14 years, 8 months ago

Processes and events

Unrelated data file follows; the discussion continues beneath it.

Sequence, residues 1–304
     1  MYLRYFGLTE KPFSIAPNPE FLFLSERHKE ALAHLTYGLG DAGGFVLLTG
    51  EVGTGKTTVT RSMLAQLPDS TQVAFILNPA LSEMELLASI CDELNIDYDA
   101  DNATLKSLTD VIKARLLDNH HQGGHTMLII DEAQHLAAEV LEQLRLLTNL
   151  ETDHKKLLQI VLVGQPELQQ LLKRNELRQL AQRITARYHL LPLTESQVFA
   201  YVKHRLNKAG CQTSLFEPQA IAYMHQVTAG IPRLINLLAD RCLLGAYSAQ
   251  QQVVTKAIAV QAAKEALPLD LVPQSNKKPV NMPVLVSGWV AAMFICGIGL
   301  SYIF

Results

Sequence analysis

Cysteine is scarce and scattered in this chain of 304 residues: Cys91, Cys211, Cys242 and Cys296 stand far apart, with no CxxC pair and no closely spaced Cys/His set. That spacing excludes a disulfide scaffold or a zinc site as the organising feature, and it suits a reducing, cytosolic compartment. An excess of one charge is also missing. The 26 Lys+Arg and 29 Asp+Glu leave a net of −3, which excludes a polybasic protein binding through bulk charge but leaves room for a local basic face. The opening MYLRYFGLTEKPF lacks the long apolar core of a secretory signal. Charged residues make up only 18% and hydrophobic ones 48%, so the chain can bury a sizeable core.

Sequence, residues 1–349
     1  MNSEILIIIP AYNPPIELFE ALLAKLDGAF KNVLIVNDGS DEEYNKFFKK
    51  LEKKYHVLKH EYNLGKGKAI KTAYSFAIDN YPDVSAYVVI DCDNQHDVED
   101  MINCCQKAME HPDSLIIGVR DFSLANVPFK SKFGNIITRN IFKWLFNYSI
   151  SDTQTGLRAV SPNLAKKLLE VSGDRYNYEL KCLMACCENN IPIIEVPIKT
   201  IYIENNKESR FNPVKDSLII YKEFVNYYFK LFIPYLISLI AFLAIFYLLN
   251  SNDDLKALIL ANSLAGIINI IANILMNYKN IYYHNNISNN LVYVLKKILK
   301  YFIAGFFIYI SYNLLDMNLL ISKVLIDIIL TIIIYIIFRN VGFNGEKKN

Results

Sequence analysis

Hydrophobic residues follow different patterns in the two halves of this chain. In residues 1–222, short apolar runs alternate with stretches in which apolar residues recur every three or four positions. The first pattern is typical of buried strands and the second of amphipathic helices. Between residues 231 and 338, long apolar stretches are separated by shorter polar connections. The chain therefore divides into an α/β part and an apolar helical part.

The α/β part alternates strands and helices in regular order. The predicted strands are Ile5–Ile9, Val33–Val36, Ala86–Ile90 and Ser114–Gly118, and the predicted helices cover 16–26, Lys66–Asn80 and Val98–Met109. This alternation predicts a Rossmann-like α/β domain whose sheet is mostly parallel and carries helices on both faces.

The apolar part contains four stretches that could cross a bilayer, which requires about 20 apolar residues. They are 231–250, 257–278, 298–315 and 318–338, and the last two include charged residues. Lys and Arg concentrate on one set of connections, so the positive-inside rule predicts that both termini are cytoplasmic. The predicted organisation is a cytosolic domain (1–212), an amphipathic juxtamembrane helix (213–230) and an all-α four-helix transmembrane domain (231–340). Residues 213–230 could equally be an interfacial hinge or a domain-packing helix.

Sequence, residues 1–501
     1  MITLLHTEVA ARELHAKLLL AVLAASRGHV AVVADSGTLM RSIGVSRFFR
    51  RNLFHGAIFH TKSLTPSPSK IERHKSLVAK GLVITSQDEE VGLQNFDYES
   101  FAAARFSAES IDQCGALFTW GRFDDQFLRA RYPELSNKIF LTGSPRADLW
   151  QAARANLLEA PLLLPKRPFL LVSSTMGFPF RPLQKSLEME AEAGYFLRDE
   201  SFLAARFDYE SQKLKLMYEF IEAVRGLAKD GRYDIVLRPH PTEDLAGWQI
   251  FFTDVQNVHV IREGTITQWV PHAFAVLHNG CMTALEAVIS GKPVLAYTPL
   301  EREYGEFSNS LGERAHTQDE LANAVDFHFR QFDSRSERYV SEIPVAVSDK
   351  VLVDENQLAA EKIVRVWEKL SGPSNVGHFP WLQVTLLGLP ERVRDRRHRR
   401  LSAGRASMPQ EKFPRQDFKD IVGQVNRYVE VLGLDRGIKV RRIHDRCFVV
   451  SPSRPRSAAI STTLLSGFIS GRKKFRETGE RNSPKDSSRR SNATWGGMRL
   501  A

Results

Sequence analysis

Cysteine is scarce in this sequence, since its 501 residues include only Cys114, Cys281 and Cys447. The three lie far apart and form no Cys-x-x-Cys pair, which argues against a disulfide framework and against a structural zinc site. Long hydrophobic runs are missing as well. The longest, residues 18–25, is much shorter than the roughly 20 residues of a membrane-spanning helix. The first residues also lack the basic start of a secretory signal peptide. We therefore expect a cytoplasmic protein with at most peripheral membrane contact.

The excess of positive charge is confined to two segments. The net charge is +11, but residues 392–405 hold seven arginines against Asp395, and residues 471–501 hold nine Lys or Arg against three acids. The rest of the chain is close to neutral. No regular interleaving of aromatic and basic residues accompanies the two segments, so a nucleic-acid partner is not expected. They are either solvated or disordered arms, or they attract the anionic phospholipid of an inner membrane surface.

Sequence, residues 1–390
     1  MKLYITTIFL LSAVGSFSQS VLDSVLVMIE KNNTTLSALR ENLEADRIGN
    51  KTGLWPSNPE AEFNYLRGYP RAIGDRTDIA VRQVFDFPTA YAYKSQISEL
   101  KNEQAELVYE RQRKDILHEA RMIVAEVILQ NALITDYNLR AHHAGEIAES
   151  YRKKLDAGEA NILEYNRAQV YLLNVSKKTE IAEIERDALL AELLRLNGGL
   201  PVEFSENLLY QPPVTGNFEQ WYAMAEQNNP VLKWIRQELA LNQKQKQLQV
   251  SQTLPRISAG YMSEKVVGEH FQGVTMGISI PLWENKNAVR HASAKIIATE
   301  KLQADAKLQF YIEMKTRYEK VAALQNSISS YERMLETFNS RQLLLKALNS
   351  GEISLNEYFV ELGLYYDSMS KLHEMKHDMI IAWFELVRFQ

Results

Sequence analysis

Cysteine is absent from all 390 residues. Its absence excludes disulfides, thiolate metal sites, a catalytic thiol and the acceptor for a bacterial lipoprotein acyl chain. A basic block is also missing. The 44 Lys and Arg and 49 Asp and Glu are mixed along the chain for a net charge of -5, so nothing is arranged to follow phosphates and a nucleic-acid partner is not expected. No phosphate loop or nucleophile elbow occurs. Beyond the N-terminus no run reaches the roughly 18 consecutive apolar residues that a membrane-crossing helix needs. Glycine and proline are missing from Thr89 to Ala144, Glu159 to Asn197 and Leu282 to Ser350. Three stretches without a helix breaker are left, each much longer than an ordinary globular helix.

Another day of talking to Nigel Green – thank you Skype! And some thinking around processes and their relationship with events. Again sounds innocent – but it seems as if both of us strongy event-oriented thinkers come to common ground when thinking about processes and orchestration – namely that while you might use low level messaging semantics for implementing processes, event modeling doesn’t really help when trying to model processes. However and here the lightbulb began to flicker dimly, the result of executing of a process or process step can become a source of events.We chose an example from the airline industry – and from our experiences of being travelers. Not from any great insights from the internals of the business. The focus was the check in process at the airport itself.Clearly we see interesting policies at different places and for different carriers. For example at Mumbai (at least time I went through there), they seal your bag with some kind of security strap. So it can be seen whether the bag has been tampered with. That is less common in the USA. However, at Miami International Airport when I went through a month or so ago, I saw the ability to wrap the bag in a kind of cling wrap. I presume that can be done elsewhere too. That is all by way of background.Airlines nowadays can and do charge fees for checking baggage. All of the rules require that checked bags undergo a security check. Bags are subject to weight limits. Passengers are subject to bag limits (no more than n per passenger). Ignoring further complexity like whether actually to collect the fees (elite passengers are exempt, for example) there are some quite interesting process decisions to be made.If the airline chooses to impose the bag fee immediately that the passenger offers the bag for checkin, then there may be some undo logic if the passenger decides not to check the bag after all. It is worse though. Imagine that the bag is too heavy. When is that discovered? For example if the passenger has checked in (and been charged) at a kiosk, then on presentation of the bag it is discovered to be too heavy so an extra collection is made – that could make the passenger decide not to check it after all, so a refund is in order. Or perhaps the passenger may decide to open it and remove some of the heavier items, and get it to the correct weight. That’s fine – but what if it has already been secured with tape or wrapped in a cling wrap. Kinda tricky to undo…Then there is security. Another opportunity for the passenger to open the bag and remove things if they should not be in checked baggage. And so it goes.Different airlines and different jurisdictions will implement the Policies – “maximize revenue for bags”, “make sure the passengers’ possessions are safe”, and “transport passengers safely” with different process paths. Those paths need to be orchestrated. It isn’t clear how an event network will really help that orchestration. In fact I would go so far as to say it complicates it. However at each step of the various process steps (or sub-processes), it would be very useful to spit out an event that provided useful (possibly actionable) information to trigger some other behaviors.For example, if during the security screen a weapon were found, we would expect an event to be raised to trigger a whole raft of other processes. We would be jumping outside a process domain into another domain. That of airport behaviors to criminal behaviors. So looks like a terrific event.Even the mundane events may be interesting to somebody. That a passenger decided not to check the bag after a fee was assessed can be helpful when looking at the behavior as a whole for market and planning purposes. Opportunities for process improvement abound.The weight of the checked luggage is also useful for “weight and balance” on the aircraft. Necessary so proper takeoff parameters can be computed, proper fuel calculations can be performed, etc. So the event raised as a result of successful baggage check-in is quite a handy event to have.So bottom line, it seems from this (and a whole raft of other possible examples) that we will typically see events being generated as a result of a process step happening – at least when in a process.Of course there are lots of other ways of generating events, we don’t need to formalize processes so that events can be generated. Relatively random behaviors give rise to events too.